Investing During a Recession

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Buy low, sell high. It’s the most basic rule of paper asset investing, yet many investors do the opposite. Investors tend to buy high, hoping the high price will get higher, and then sell low, fearing the low price will fall lower. But as an investor, you should understand that you don’t lose any money until you sell. During a recession, investing can be especially intimidating. It may seem like everyone is losing money, but only those who sell lock in their losses. Should you invest in paper assets during a recession? Absolutely! When you’re investing for the long term, it’s more important to put money into investments than to take money out. Below are four tips for investing during a recession.

 

Tip #1: Continue Dollar-Cost Averaging

The Wealth Academy recommends dollar-cost averaging for paper assets. This means regularly contributing a fixed dollar amount to your investments, regardless of share price or market performance. Dollar-cost averaging minimizes risk because it allows you to buy more shares when the price is low, and fewer shares when the price is high. This helps to reduce the impact of volatility, which means you’re less likely to mistakenly invest a poorly-timed lump sum.

If you usually implement a dollar-cost averaging strategy, continue doing so throughout a recession. Often, the best market days happen within mere weeks of the worst market days. If you stop contributing during a recession, you risk missing out on the best market days.

 

Tip #2: Invest in Companies with Strong Financial Reports

Companies with strong balance sheets and steady business models are positioned to weather a recession and can thrive in the following years. However, companies with high debt loads struggle more during a recession when sales fall, and are more at risk for defaulting and possibly declaring bankruptcy. Consider investing in companies that have low debt, good cash flow, and generate a profit. These companies are more likely to produce a higher return when the recession period ends.

 

Tip #3: Don’t Try to Time the Market

Time, not timing, yields the greatest returns. Long term investors have historically done well by staying invested during a recession. Attempting to time the market is highly risky, not to mention stressful, and because market highs come shortly after market lows, you risk missing out on the best market days if you pull out of your investments early or wait too long to invest. Even if you had invested on the worst possible days in 2007 before the recession, you still would have seen an 8.4% return over the following 13 years.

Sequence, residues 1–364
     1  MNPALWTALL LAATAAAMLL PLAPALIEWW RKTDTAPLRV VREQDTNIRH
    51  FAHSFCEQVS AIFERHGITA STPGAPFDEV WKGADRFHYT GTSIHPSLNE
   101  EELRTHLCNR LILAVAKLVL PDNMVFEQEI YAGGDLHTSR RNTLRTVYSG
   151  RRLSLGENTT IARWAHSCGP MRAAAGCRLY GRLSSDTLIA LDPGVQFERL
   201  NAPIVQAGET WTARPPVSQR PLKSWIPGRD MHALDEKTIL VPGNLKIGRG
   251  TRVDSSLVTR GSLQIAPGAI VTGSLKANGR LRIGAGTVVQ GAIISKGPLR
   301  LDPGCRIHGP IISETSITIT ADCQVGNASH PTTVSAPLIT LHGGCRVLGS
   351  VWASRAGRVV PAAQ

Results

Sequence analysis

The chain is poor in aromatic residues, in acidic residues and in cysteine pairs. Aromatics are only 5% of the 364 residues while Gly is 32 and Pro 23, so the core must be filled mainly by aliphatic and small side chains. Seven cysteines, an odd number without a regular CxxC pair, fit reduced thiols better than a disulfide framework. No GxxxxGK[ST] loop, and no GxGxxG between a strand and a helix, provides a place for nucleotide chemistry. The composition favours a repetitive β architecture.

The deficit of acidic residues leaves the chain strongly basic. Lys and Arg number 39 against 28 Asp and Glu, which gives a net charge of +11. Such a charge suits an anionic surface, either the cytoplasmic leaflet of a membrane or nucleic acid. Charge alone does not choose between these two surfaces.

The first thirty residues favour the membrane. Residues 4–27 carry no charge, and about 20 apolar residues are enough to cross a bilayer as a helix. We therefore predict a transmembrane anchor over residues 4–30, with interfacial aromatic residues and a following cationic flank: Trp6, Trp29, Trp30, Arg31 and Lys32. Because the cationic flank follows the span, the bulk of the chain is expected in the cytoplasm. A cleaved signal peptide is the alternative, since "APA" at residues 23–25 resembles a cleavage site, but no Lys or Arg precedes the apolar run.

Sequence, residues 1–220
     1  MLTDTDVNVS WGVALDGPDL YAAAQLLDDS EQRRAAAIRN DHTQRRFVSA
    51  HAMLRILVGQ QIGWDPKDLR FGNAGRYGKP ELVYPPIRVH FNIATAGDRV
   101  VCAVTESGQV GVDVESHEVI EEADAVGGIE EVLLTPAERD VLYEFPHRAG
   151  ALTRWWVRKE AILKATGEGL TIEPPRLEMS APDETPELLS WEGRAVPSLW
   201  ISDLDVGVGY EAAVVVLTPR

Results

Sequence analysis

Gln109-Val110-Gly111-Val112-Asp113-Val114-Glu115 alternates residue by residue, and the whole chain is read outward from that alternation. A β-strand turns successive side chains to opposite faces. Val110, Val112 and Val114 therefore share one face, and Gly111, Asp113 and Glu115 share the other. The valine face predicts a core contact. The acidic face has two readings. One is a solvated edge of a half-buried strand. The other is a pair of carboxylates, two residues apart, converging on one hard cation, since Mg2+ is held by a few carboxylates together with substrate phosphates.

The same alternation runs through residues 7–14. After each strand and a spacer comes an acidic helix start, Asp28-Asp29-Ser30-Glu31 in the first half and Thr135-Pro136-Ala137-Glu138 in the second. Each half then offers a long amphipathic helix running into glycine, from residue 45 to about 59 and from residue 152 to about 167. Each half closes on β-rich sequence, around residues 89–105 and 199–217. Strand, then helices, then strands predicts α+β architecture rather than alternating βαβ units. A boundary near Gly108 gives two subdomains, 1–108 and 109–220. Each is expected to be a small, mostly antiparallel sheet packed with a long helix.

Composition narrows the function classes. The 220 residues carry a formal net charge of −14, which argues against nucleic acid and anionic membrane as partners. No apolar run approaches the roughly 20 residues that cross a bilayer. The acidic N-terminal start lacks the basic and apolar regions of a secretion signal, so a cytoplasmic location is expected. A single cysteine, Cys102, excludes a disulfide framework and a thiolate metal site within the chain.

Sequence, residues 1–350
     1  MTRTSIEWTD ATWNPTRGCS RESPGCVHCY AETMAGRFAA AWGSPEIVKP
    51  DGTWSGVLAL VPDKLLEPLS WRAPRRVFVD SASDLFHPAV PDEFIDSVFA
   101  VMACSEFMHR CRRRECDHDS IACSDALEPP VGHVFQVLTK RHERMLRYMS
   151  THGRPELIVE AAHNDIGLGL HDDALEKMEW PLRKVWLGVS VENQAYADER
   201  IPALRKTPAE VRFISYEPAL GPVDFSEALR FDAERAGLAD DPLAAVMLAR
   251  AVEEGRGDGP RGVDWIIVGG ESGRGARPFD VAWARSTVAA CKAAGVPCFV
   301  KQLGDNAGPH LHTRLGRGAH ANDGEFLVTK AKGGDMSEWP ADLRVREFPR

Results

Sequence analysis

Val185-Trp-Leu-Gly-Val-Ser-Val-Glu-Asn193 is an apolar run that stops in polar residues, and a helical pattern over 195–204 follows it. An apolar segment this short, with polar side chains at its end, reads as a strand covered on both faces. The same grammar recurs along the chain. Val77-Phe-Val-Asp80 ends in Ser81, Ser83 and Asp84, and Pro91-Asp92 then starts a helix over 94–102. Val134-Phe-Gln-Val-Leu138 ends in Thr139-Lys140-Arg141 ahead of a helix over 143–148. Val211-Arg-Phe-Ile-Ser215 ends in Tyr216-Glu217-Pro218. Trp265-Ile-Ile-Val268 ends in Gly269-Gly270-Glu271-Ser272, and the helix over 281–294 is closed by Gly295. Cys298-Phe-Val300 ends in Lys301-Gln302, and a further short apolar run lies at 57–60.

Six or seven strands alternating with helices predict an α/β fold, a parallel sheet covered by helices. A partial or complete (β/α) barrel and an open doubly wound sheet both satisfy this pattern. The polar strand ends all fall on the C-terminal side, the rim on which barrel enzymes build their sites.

Over a 20-year period, there are approximately 5,000 days the stock market is open. Of those 5,000, only 10 days are responsible for half of an investment’s increase. If you try to time the market, chances are you will miss these 10 best days and cut your return in half. And even if you pick the very worst days to invest every year, you can still see a return in the long run if you stay invested.

 

Tip #4: Don’t Sell

Again, the goal is to buy low, sell high. Don’t panic-sell low and take a loss unnecessarily. If you’re investing for the long term, you shouldn’t need to withdraw funds from your investments, which means you don’t need to worry about short term ups and downs. Your paper asset investments should not be your emergency fund. If you have to withdraw funds because you have an emergency need for cash, you’ll most likely end up taking a loss on your investments. Emergencies don’t often time themselves to your advantage.

Additionally, selling your paper asset investments means you’re more likely to miss the best market days. According to J.P. Morgan, an investor with $10,000 in the S&P 500 Index who stayed fully invested between Jan. 4, 1999 and Dec. 31, 2018 would have gained about $30,000. An investor who got out of the market and therefore missed 10 of the best days in the market each year would have under $15,000. A very skittish investor who missed 30 of the best days would have less than what they started with—$6,213 to be exact.

 

Conclusion

The important thing is to keep a long term view of investments. Stock prices often fall during a recession, which makes it a good time to buy. There is greater potential for higher returns during a recession, so you increase your future return by taking advantage of the lower stock prices.

As always, make sure your investment decisions line up with your goals, timeline, and risk tolerance. Some investors may be near the end of their long-term investment plan when a recession occurs, and may need to implement a different strategy, while others may be perfectly positioned to take advantage of recession discounts and returns for 10-20 years. As you make your investment decisions, be sure to consult your professional advisory team.

Sources: J.P. Morgan, The Balance, Investopedia 1 2, The Motley Fool 1 2, Bankrate

 

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